troops debouched from the town by two streets leading into the Plank and Telegraph roads. The ditch or canal heretofore mentioned was impassable, except at the bridges. A little beyond it the ground rises, forming a cover, behind which the troops were able to deploy. The rise or crest is about half way between the outer edge of the city and the foot of the heights which were to be carried. The intermediate ground was obstructed here and there by houses and garden fences. This plain was swept by a converging artillery and musketry fire of the enemy. Over it Mason went with his skirmishers, followed by Kimball and the balance of French's division, working nearly up tot he stone wall at the foot of the heights, behind which the enemy sought shelter. To support his advance, General French had a section of Arnold's battery, soon joined by the other two sections. Hancock followed with his division in the order of Zook's, Meagher's, and Caldwell's brigades, and, pressing on, came up with the advance of French, and, joining it, pushed on with determination.
At this moment (1 p.m.) I ordered Hancock and French to carry the enemy's works by storm. Seeing shortly that this could not be done, the men falling by hundreds, Howard was directed to move his division to the right of the Telegraph road, and turn the enemy's left, the ground presenting some favorable features for such an attack. Nearly at the same instant both Generals Hancock and French sent urgent requests for re-enforcements, and Howard was recalled and ordered in on the Telegraph road, Colonel Owen's brigade being pushed up to the front, followed by Hall's brigade, Sully being in support. Brigadier-General Willcox, commanding Ninth Corps, had now sent in Sturgis' division on our left.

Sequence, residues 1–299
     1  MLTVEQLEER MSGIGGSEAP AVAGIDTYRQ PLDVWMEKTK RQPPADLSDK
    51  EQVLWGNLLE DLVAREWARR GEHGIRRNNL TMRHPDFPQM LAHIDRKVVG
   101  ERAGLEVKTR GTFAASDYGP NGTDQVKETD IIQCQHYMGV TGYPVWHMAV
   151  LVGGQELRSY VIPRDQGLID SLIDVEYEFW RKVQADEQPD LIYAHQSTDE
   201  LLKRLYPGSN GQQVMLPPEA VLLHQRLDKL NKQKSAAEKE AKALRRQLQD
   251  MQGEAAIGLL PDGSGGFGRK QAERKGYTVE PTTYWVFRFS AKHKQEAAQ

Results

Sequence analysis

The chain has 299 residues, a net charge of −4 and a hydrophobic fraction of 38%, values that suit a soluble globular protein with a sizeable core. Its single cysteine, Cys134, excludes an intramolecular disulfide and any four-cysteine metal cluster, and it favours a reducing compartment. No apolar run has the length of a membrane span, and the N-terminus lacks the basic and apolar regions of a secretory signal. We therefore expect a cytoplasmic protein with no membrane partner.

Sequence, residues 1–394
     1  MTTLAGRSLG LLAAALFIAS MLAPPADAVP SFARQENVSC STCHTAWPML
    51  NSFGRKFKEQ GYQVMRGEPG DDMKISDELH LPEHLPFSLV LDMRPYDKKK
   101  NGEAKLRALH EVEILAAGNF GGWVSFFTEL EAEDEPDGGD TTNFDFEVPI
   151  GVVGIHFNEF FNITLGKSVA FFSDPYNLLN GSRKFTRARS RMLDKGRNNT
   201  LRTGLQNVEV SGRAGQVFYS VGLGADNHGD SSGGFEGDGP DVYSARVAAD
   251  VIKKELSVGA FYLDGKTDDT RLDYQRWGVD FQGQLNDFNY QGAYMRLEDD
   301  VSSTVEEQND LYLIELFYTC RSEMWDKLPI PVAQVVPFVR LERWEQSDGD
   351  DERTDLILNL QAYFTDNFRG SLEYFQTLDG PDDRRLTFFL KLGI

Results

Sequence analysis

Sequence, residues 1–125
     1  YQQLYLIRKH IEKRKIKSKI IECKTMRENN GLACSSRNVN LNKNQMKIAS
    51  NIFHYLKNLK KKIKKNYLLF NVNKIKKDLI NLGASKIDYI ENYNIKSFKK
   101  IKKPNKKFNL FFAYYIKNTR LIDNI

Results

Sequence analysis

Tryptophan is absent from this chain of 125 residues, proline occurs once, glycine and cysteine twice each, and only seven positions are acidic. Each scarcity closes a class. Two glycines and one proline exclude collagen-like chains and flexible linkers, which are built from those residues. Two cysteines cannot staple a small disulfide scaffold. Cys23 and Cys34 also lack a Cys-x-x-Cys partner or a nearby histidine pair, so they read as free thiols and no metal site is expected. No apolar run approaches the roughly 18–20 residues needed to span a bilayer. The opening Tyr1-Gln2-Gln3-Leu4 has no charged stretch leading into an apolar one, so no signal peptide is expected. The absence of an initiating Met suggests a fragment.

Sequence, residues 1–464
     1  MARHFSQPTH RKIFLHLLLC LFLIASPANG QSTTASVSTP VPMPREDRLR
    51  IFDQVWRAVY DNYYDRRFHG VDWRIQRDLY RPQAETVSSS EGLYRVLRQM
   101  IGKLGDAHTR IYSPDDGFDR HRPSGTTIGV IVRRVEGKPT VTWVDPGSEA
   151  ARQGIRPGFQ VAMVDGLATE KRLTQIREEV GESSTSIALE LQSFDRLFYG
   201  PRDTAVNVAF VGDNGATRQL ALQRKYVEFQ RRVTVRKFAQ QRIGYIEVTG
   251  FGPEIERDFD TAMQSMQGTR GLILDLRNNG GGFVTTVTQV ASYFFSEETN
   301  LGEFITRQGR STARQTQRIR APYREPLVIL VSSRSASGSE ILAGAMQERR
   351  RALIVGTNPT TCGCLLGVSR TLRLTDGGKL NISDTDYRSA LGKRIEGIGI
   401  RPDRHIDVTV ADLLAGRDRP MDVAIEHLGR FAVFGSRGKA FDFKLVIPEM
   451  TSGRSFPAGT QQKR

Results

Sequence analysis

About 2 p.m. Hooker came on the ground with Butterfield's corps, Whipple's division relieving Howard's, on the latter being ordered to the front, in the duty of holding the right of the town.
The following dispatch was received from General Sumner about 3 p.m.:
HEADQUARTERS RIGHT GRAND DIVISION, ARMY OF THE POTOMAC,
December 13, 1862-2.40 p.m.
Hooker has been ordered to put in everything. You must hold on until he comes in.
By command of Brevet Major-General Sumner:
W. G. JONES,
The Second Corps held its ground, many of the regiments out of ammunition, relying upon the bayonet. Our batteries on the left bank of the river aided our efforts.
About 4 p.m., in the absence of General Hooker, I directed General Humphreys, who, I presumed, had orders to co-operate, to move forward his division. He twice led his men forward with great gallantry, but was unsuccessful in effecting a lodgment, and retired.
At 4.15, Hazard, with his battery of light 12-pounders, was ordered forward to within 300 yards of the enemy's line, for the purpose of breaking up that part of the line which was delivering so destructive a fire on the Ninth Corps. The duty was bravely done. Captain Frank, First New York Artillery, was soon after effectively sent in on Hazard's left by Major-General Hooker, who came up.
Lieutenant Thomas' battery (C), Fourth U. S. Artillery, was in action for a short time on the left, doing good service. Kirby's battery was held in readiness to act at a critical period, only one section being in action.